Hayes, B., 2012. Police domestic violence. Impaired driving update, 16(1), pp. 13-15.

HMIC, 2014. Everyone’s business: Improving the police response to domestic abuse, London : HMIC.

HMICFRS, 2017. A progress report on the police response to domestic abuse, London: HMICFRS .

Home Office, 2008. From the neighbourhood to the national: policing our communities together. London: The Stationery Office.

Hollsworth, S. & Ransom, J., 2008. From the Outside Looking In: Young People's Perception of Risk and Danger in an East London Borough. In: Globalizing the Streets: Cross-cultural Perspectives on Youth, Social . New York: Colombia University Press, pp. 31-44.

House of Commons, 2018. Policing for the future, London: House of Commons.

Hoyle, C. & Sanders, A., 2000. Police response to domestic violence: from victim choice to victim empowerment?. The British Journal of Criminology, pp. 14-36.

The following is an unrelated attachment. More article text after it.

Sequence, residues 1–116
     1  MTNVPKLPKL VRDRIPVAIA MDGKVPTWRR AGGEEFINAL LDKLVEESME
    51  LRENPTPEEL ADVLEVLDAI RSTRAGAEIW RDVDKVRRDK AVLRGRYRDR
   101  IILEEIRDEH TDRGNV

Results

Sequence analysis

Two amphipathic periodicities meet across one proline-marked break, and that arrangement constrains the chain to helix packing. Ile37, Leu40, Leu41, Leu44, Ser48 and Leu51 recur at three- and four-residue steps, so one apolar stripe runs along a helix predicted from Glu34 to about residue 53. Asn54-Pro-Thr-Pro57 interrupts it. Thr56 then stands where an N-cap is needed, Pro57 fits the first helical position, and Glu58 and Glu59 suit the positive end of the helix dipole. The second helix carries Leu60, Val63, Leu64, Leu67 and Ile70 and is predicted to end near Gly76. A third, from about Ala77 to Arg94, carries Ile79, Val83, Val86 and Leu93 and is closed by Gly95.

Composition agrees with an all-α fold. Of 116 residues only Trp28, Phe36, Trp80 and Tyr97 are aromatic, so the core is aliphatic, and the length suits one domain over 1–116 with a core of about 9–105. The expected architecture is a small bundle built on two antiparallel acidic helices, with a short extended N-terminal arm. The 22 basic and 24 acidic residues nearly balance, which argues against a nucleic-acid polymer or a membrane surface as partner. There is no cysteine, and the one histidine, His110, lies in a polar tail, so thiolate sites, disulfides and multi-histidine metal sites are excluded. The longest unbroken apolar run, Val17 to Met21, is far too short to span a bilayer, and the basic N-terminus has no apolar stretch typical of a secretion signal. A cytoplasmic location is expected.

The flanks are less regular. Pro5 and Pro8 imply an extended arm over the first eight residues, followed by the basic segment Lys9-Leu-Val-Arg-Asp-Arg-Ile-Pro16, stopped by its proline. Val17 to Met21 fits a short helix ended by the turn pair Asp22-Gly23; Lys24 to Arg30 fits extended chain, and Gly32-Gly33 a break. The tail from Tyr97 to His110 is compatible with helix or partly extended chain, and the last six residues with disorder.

Laing, L., 2016. Secondary Victimization: Domestic Violence Survivors Navigating the Family Law System. Violence against women.

Macpherson, L., 1999. The Stephen Lawrence Inquiry , Report of an Inquiry by Sir William Macpherson of Cluny, London: Home Office.

Mastrofski, S. & Warden, R., 1995. Law Enforcement in a time of community policing. Criminology, pp. 539-63.

Mawby, R. & Wright, A., 2005. Police Accountability in the United Kingdom , s.l.: Commonwealth Human Rights Initiative.

Pearson, G., Rowe, M. & Turner, L., 2018. Policy, practicalities, and PACE s. 24: The subsuming of the necessity criteria in arrest decision making by frontline police officers. Journal of Law and Society , 45(2), pp. 282-308.

Prenzler, T., 2009. Police corruption: Preventing misconduct and maintaining integrity. Boca Raton : CRC Press.